Fund suspensions crucial to prevent asset fire sales, says Bank deputy
Ben Broadbent said there could be a wider financial stability risk if investment funds were forced to sell off assets on the cheap.
Investment managers like Neil Woodford are right to block investors from withdrawing cash from funds to prevent asset fire sales, according to the deputy governor of the Bank of England.
Ben Broadbent, the deputy governor for monetary policy, told MPs on the Treasury Select Committee that fund suspensions should not be banned, as he was questioned on the Woodford Investment Management saga.
He said: “To be clear, suspensions are allowed.
“Fundamentally, if you have got a fund whose assets are less liquid than their liabilities, there will be episodes when that’s probably the right thing to do.
“I don’t think we should see this as an adherent problem or something we should get rid of.”
He added there could be a wider UK financial stability risk if funds were forced to sell off investments quickly at values below their market price.
“That’s precisely what suspensions are designed to prevent,” he added.
But he stressed it was important that investors understood that suspensions were a possibility that could see them blocked from accessing their money.
“There might be a question about whether investors are sufficiently aware of these risks,” he said.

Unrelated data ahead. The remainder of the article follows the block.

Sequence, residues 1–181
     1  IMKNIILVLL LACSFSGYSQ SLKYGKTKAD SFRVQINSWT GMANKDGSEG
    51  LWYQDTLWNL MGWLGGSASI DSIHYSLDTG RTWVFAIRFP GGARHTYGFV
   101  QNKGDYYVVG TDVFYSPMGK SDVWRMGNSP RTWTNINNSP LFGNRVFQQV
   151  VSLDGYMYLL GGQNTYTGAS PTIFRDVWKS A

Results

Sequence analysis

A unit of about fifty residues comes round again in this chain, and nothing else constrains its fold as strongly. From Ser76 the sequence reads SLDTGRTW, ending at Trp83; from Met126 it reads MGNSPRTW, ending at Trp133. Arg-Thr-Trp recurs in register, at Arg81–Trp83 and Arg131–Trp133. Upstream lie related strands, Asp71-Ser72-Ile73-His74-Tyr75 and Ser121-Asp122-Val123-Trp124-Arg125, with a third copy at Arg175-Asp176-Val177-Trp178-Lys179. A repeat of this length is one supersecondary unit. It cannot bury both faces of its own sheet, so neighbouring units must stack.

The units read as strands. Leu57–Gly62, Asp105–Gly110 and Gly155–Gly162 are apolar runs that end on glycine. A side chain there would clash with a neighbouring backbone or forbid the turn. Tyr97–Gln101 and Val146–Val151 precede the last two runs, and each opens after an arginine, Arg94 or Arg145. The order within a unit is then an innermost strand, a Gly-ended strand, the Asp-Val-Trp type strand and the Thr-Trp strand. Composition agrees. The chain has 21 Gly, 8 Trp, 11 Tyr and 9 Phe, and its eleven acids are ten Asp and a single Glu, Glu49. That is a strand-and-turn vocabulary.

He declined to comment on the regulatory supervision of the Woodford fund, but told MPs: “You cannot have a system where regulators collectively could reduce all risk to zero.
“I don’t think that’s possible or desirable. There is risk in these funds.”
On the Woodford fund suspension, he added: “There are no rules broken, so far as I understand it.”
Hi comments come as the boss of Britain’s City watchdog joined calls for Mr Woodford to waive management fees for his suspended equity income fund.
Andrew Bailey, chief executive of the Financial Conduct Authority (FCA), said Mr Woodford should “consider his position” on charging fees.
Mr Broadbent, appearing in front of the Commons committee following his re-appointment as deputy governor, remained tight-lipped on whether he had applied to succeed Mark Carney at the head of Bank.
He said he was appearing in his capacity as deputy governor, and that the committee would have a chance to question the next governor in future.
The deadline for applications for the post of governor passed on June 5 and an appointment is expected in the autumn.